It is now established that the effects of COVID-19 on some patients may be debilitating and chronic; the condition is known as Long Covid. To find out more, see our page on Long Covid – Your Rights

Legal FAQs

Why was PPE such a hot topic?

Personal Protective Equipment (PPE) has become one of the frontline defences to keep people safe when their job means they must come into contact with coronavirus and COVID-19 patients. Without PPE, amongst other risk prevention methods, healthcare workers and frontline essential workers may become ill as a result of doing their job.

The lack of enough and adequate PPE became a highly contentious issue at the height of the pandemic, with concerns among all areas of the health service, including those providing care in hospitals, care homes and out in the community.

However, as some people with COVID-19 may only have mild symptoms, or no symptoms at all, there are many professions in which workers are likely to come into contact with coronavirus as part of their daily work. So, at the height of the pandemic employers were obliged to put measures in place to protect workers.

For more information, please visit our page on the Role of PPE and Duty of Care.

My relative died, will there be an Inquiry?

As the law stands, unless a work-related fatality occurred as the result of an "accident" employers have no obligation to report it to the Procurator Fiscal. At the time of writing, the Crown Office Procurator Fiscal Service has suspended any requirement to report COVID-19 work-related deaths.

So, unfortunately, the outlook is that no employer, company or public body in Scotland is likely to face an inquiry or be prosecuted by the Procurator Fiscal for breach of Health & Safety Legislation in any case of injury or death arising from COVID-19.

Is there financial help for the bereaved?

The UK government has outlined the help and support available when someone dies of coronavirus (COVID-19), including the criteria of eligibility for bereavement benefits.

However, as Thompsons solicitor Bruce Shields has highlighted, "in Scotland no employer, company or public body is likely to be prosecuted by the Procurator Fiscal for breach of Health & Safety Legislation in any case of injury or death arising from COVID-19".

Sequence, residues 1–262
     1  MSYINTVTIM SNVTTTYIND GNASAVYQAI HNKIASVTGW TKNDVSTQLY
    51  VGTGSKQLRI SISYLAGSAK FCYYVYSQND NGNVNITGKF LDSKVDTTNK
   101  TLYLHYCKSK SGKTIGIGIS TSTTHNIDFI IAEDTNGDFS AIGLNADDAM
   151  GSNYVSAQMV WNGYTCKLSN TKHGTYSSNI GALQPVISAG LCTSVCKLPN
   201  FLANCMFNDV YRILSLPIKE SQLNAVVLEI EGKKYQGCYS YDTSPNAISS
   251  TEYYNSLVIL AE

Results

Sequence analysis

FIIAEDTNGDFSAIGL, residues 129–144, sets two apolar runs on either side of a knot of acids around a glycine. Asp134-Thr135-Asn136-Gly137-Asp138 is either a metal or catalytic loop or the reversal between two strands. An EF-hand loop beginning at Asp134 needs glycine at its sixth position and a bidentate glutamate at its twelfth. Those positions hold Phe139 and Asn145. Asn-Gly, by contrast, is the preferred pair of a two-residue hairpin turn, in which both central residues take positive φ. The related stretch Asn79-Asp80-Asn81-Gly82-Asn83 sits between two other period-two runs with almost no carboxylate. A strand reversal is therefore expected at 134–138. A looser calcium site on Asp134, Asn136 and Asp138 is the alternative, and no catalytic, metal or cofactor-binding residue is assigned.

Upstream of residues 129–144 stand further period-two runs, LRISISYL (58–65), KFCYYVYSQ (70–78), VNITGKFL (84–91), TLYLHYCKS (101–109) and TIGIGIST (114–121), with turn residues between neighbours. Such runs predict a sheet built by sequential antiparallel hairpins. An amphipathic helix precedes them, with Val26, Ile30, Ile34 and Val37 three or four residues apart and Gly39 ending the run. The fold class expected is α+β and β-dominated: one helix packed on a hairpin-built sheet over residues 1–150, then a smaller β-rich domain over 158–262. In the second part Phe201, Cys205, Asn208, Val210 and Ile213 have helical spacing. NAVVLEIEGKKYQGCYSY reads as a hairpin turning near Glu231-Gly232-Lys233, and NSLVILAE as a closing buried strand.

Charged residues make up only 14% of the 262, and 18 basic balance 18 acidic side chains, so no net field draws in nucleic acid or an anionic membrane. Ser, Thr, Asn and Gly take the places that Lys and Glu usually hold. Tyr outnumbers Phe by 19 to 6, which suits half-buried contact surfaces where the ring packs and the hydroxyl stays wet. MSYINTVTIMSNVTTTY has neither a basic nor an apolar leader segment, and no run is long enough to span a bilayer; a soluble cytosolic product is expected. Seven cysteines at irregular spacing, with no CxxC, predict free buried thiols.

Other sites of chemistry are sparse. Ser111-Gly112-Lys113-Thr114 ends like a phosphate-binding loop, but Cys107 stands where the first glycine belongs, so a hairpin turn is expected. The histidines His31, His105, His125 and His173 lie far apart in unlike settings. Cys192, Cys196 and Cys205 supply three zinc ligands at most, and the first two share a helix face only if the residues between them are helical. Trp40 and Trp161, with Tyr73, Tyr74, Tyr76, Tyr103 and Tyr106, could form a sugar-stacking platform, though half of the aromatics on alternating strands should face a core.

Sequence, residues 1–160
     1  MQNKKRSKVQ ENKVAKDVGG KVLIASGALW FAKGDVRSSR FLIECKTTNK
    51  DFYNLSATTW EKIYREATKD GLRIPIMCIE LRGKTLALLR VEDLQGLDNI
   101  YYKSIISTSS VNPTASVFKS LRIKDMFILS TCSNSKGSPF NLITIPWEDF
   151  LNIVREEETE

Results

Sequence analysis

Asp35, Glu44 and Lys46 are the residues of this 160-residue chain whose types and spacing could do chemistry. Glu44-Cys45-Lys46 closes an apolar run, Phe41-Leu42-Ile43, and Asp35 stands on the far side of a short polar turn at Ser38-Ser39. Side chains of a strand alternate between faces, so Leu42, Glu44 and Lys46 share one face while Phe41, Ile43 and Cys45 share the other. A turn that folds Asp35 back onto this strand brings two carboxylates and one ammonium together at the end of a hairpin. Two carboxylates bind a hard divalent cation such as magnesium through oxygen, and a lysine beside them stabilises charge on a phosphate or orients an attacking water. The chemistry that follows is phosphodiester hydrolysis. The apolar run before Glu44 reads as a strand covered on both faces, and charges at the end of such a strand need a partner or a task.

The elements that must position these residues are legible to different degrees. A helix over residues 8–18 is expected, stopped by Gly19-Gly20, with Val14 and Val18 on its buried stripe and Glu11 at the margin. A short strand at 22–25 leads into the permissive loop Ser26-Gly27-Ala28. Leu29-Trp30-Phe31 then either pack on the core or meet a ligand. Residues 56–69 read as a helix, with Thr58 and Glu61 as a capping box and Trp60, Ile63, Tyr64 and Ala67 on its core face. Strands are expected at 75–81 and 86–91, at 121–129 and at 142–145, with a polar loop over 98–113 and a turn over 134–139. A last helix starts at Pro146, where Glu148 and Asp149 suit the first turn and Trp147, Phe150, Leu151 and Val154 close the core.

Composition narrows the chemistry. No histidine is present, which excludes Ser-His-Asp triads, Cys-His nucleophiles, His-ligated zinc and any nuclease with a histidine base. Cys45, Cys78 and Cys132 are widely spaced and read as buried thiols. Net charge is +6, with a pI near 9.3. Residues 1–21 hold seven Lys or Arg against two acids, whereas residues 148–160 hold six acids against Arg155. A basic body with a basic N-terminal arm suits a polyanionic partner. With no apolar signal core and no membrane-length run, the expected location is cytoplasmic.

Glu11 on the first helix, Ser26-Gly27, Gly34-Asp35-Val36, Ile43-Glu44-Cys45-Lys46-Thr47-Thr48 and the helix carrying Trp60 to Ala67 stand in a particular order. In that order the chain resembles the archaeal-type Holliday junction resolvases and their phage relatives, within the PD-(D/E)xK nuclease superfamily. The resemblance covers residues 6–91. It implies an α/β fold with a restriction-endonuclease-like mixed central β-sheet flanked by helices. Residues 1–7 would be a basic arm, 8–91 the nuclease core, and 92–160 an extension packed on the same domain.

Bruce believes that "no death from COVID-19 is ever going to be subject to a Fatal Accident Inquiry. The history of Public Inquiry in the UK suggests that no-one will ever be held accountable for the avoidable deaths and injury from COVID-19".

Sadly, this injustice may leave only one recourse for family members whose loved one has died – a civil claim for compensation.

What is the Scottish Government's advice?

The Mygov.scot website provides information and support for people affected by coronavirus and COVID-19. The page provides a link to health advice from NHS Inform.

There is also advice on staying at home, shielding, pregnancy and looking after your mental wellbeing and the mental wellbeing of children during the coronavirus crisis.

Can I make a claim?

If you have contracted COVID-19 in a situation where an individual or organisation had a duty of care to keep you safe from the risk of coronavirus, then it is possible you will be able to make a civil claim for compensation for any past and future financial losses.

Who can I claim against?

In February 2020, the Government officially recognised Coronavirus as a "serious and imminent threat to public health." When you venture out for work or visit public spaces, your employer or the managing organisation holds a duty of care to ensure your safety. If they fail in this responsibility, they can be held accountable for any resulting losses.

For instance, if your employer neglects to shield you from coronavirus exposure by not providing adequate Personal Protective Equipment (PPE) or failing to follow recommended measures such as lockdown protocols, social distancing, or enhanced hygiene practices, and you subsequently contract COVID-19, you likely have grounds for a claim. The same applies if you contracted the virus in settings where protection should reasonably be expected, like doctor's offices or hospitals.

For personalised and current legal advice tailored to your situation, contact Thompsons at 0800 0891 331. We are here to assist you in understanding your rights and pursuing necessary actions based on your circumstances.

Thompsons Solicitors in Scotland and coronavirus claims

Like everyone in the UK, Thompsons was affected by coronavirus and the lockdown restrictions; however, we were committed to ensuring that the people of Scotland continued to have access to justice and their rights were upheld throughout the pandemic.

If you have any legal concerns or you need advice and updates on an ongoing case, you can contact us by phone, text or via the website. If you, or someone close to you, have suffered COVID-19 we can help you make a claim. Talk to Thompsons today.

Call 0800 0891 331 or fill in our online claim form by clicking on the button below, so we can call you back to discuss your circumstances. And for more information on coronavirus compensation claims, our "Can I Make a Claim?" page has lots of information.